Wednesday, January 12, 2011

Orphaned U.S. Supreme Court Cases

It’s rare that a party declines an opportunity to present their case to the U.S. Supreme Court, but it does happen. When the Supreme Court grants cert in a case and the prevailing party no longer wishes to defend their position, what happens?

In a little known and infrequently used procedure, the Supreme Court can invite an attorney to defend the case as an amicus. It’s obviously an honor to be selected by the Supreme Court to defend a case. Appointees have included former SCOTUS law clerks and even Chief Justice John Roberts, back when he was a practicing lawyer.

Stanford Law grad Brian Goldman, however, argues that in some instances, the Supreme Court is practicing judicial activism and should instead wait for the issue to be presented in a more traditional case.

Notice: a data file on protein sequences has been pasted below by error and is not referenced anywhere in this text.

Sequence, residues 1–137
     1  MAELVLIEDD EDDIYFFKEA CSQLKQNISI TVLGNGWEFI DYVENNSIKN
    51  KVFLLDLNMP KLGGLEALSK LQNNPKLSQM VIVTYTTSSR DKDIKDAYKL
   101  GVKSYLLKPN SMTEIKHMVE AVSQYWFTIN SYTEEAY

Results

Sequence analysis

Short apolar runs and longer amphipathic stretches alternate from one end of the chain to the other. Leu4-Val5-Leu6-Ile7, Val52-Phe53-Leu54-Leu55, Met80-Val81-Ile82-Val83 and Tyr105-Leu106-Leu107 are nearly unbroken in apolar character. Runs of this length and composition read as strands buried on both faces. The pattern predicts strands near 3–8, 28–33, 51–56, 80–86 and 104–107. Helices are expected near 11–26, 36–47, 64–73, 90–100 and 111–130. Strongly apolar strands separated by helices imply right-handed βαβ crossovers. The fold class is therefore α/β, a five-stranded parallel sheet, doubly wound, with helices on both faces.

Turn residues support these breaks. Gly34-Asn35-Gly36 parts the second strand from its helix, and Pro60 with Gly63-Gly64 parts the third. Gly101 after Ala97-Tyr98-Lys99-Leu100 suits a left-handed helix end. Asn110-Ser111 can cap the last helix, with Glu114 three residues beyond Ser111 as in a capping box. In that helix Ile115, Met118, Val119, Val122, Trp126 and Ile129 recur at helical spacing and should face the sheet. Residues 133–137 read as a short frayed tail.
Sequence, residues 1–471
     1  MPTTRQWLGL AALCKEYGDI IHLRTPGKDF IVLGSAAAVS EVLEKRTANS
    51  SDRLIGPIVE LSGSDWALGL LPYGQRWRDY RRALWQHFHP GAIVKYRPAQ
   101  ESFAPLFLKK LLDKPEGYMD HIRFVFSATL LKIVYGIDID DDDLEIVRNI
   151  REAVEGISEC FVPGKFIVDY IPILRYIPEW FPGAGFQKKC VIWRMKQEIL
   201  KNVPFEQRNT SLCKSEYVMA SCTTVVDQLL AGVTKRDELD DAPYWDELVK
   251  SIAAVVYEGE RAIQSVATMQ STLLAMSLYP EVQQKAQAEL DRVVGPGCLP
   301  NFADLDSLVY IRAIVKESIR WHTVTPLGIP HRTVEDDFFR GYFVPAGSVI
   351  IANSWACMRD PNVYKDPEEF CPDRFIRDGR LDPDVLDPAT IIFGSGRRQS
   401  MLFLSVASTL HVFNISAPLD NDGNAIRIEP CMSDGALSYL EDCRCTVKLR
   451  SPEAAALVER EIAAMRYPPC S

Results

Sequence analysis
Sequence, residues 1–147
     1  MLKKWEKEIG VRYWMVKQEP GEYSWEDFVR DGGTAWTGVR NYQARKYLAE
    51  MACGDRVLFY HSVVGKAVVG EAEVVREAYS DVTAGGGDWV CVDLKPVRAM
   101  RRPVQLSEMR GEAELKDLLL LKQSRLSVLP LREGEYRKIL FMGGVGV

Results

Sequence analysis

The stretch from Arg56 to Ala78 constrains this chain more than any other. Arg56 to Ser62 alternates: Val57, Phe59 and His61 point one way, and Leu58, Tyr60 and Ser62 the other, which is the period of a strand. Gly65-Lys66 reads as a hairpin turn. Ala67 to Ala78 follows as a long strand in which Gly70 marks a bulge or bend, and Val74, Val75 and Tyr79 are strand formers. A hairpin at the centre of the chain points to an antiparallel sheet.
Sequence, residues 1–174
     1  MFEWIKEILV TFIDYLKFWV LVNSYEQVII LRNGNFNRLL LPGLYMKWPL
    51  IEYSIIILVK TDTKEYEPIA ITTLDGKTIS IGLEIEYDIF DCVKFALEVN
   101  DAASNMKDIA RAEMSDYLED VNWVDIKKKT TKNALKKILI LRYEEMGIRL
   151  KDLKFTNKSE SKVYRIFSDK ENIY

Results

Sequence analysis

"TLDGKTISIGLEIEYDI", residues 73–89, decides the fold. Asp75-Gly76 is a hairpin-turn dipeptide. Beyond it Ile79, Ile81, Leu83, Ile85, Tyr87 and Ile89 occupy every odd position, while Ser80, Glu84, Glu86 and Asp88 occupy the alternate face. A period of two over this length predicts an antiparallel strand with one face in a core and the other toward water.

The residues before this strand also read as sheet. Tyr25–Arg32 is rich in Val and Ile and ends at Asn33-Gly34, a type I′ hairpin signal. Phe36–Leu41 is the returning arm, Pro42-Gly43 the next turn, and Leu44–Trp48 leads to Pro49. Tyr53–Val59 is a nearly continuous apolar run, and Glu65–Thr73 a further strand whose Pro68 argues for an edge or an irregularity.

You can read more on this topic in the New York Times and Goldman's article on SSRN. For a recent case that had counsel appointed by the Supreme Court (and revolves around the infrequently used Tenth Amendment), see another New York Times article and a post on SCOTUSblog.

--Ellen Richardson, law librarianship intern

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